The World Is Too Much With Us Analysis

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The world is too much with us by William Wordsworth At first glance, the title of this poem might produce the feeling of harmony. That is, a sense of attunement between the world and us, humans. However, soon after reading the poem, one will find that the title: The world is too much for us, would have been more fitting with its message. Indeed, a closer look at the connotations of the word “too” in this context, reveals the tone of excessiveness found through this Italian sonnet. Yet, as condemning as the overture might seem, the poem does offer a solution or a response to the ailments of the Earth, which Wordsworth believes began with “us” and will end with “I”, greatly emphasizing the passage of time and the duality of ideas; these premises …show more content…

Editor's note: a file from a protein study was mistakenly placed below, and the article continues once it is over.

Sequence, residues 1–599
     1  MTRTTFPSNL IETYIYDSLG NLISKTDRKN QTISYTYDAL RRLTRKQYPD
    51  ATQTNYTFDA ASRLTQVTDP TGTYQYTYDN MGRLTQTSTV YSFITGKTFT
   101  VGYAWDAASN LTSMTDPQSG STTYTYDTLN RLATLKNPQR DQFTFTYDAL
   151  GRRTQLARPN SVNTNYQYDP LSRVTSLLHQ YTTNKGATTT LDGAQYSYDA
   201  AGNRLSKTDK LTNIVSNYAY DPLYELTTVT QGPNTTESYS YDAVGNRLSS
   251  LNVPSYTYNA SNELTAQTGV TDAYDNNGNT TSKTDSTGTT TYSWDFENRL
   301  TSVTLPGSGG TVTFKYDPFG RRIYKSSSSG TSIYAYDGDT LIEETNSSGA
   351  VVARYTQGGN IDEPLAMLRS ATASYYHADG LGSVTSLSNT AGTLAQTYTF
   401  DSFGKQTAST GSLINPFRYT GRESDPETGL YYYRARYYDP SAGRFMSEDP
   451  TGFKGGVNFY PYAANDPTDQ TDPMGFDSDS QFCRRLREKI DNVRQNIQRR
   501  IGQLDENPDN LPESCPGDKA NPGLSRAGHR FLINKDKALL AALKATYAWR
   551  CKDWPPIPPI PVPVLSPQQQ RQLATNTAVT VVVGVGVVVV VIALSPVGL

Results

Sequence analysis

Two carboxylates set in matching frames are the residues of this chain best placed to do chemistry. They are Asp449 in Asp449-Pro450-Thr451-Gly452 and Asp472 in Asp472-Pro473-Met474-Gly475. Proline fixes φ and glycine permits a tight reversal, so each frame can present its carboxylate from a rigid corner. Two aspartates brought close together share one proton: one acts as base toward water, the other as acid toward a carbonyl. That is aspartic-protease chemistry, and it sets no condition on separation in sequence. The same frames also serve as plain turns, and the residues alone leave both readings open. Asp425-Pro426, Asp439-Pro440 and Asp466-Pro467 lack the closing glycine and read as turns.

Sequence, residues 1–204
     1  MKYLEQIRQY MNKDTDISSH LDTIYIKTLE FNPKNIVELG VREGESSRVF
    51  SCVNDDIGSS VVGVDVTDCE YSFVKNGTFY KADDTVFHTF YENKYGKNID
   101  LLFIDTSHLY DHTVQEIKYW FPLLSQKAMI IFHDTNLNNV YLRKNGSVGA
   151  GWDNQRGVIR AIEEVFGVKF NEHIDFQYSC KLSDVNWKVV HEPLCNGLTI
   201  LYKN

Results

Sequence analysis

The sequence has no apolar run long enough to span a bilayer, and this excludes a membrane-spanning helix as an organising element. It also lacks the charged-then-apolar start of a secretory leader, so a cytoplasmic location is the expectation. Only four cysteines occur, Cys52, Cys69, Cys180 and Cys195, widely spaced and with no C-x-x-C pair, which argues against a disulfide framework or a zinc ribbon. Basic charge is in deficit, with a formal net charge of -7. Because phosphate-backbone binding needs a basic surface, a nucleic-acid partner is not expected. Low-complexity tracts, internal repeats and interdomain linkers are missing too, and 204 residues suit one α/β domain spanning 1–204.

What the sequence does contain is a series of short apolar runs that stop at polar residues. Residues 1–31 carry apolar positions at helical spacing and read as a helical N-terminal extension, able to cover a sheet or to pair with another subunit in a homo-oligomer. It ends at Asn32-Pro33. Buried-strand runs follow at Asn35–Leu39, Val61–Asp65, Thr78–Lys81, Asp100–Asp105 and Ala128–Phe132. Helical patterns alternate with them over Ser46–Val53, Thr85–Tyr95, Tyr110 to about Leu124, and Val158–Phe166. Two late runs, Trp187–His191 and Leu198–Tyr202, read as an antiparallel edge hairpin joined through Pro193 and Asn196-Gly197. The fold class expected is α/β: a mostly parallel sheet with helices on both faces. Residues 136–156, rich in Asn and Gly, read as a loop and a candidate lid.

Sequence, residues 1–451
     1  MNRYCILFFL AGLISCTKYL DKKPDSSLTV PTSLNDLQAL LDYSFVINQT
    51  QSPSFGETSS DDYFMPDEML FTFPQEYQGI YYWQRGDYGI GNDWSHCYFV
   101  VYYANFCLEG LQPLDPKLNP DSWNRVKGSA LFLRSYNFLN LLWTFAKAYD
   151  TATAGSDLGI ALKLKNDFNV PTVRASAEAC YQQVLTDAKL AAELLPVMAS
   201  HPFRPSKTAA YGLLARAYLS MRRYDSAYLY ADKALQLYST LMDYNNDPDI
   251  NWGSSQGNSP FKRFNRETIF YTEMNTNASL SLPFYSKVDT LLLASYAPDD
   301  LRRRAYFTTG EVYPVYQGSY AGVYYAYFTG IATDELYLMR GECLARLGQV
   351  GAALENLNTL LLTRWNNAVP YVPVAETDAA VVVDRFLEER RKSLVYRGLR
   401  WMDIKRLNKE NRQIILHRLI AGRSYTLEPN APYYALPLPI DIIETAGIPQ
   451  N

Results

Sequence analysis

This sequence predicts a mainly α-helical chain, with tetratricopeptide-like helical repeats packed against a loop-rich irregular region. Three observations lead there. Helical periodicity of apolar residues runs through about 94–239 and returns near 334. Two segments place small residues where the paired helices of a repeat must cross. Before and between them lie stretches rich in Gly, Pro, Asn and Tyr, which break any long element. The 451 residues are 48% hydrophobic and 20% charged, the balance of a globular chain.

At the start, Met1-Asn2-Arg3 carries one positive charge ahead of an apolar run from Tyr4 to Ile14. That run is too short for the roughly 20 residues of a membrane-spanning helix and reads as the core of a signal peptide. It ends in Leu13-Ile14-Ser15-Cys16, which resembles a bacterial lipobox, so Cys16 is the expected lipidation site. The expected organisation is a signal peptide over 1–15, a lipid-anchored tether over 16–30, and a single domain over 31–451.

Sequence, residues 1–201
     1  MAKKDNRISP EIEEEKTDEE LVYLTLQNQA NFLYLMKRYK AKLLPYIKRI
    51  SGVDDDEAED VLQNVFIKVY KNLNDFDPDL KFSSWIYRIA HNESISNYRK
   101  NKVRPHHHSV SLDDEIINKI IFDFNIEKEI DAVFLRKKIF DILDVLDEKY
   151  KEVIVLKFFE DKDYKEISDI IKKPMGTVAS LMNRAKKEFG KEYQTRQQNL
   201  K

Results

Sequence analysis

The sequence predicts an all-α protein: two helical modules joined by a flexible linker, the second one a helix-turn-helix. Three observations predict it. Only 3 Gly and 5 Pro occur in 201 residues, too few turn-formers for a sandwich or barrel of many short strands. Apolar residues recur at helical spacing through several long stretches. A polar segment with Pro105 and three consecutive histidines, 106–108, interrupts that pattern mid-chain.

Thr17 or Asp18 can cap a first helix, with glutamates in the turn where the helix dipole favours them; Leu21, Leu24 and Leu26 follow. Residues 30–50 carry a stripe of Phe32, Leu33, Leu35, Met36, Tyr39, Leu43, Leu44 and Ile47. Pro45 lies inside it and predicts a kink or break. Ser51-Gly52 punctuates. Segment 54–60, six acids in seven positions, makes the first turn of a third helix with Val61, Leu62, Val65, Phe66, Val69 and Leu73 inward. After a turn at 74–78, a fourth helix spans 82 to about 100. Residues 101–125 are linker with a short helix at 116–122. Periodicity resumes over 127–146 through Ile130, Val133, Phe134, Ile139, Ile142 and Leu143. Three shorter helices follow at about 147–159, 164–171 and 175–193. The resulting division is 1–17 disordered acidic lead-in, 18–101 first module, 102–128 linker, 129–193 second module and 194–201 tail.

A closer look at the words Wordsworth chose for the end-rhymes can reveal hidden meaning. Soon, boon; powers, ours; these rhymes in the beginning of the poem seem to imply that we still have the ability to reverse the damage done with speed. Moon, tune; hours, flowers, these rhymes go along with the imagery produced in the bulk of the poem. The following rhymes be, lea, and sea are the most interesting because they allude to the fact that the speaker wishes to become more like nature, which he isn’t currently as seen in the octave: “Little we see in Nature that is ours” (line 3). The final set of rhymes outworn, forlorn, and horn refer to the antiquated yet amiable beliefs of polydeist cultures, in this case Greek. Thus, something as structured as rhyme can also be used to convey a message about the ancient counterparts to modern ideas. After analyzing this sonnet, the title: The world is too much with us, might seem like a contradiction. How can the world be with us, if we do not see a reflection of our qualities in nature? (see line 3) How can the world be with us, if we pillage and desecrate everything in our path? (see line 2) The world is too much with us because we take from nature without restraint, we think the world is our serf, yet no equal exchange takes place. As time goes on, ideas change. “We are out of tune” (line 8), the sovereignty of nature has been forsaken for the gods of the new

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